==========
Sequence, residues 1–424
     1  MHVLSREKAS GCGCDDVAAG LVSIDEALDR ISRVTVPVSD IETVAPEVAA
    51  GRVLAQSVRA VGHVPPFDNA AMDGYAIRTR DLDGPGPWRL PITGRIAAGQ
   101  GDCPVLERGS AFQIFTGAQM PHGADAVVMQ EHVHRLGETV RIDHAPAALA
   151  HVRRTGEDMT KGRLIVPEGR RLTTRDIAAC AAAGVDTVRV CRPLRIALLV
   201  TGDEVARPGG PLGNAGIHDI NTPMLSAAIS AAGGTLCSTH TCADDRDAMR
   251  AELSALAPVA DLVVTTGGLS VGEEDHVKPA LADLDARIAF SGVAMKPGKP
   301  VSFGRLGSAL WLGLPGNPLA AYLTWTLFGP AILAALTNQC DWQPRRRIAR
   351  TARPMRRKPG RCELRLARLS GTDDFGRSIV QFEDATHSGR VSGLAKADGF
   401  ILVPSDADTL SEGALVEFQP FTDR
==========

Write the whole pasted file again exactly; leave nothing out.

Sequence, residues 1–424
     1  MHVLSREKAS GCGCDDVAAG LVSIDEALDR ISRVTVPVSD IETVAPEVAA
    51  GRVLAQSVRA VGHVPPFDNA AMDGYAIRTR DLDGPGPWRL PITGRIAAGQ
   101  GDCPVLERGS AFQIFTGAQM PHGADAVVMQ EHVHRLGETV RIDHAPAALA
   151  HVRRTGEDMT KGRLIVPEGR RLTTRDIAAC AAAGVDTVRV CRPLRIALLV
   201  TGDEVARPGG PLGNAGIHDI NTPMLSAAIS AAGGTLCSTH TCADDRDAMR
   251  AELSALAPVA DLVVTTGGLS VGEEDHVKPA LADLDARIAF SGVAMKPGKP
   301  VSFGRLGSAL WLGLPGNPLA AYLTWTLFGP AILAALTNQC DWQPRRRIAR
   351  TARPMRRKPG RCELRLARLS GTDDFGRSIV QFEDATHSGR VSGLAKADGF
   401  ILVPSDADTL SEGALVEFQP FTDR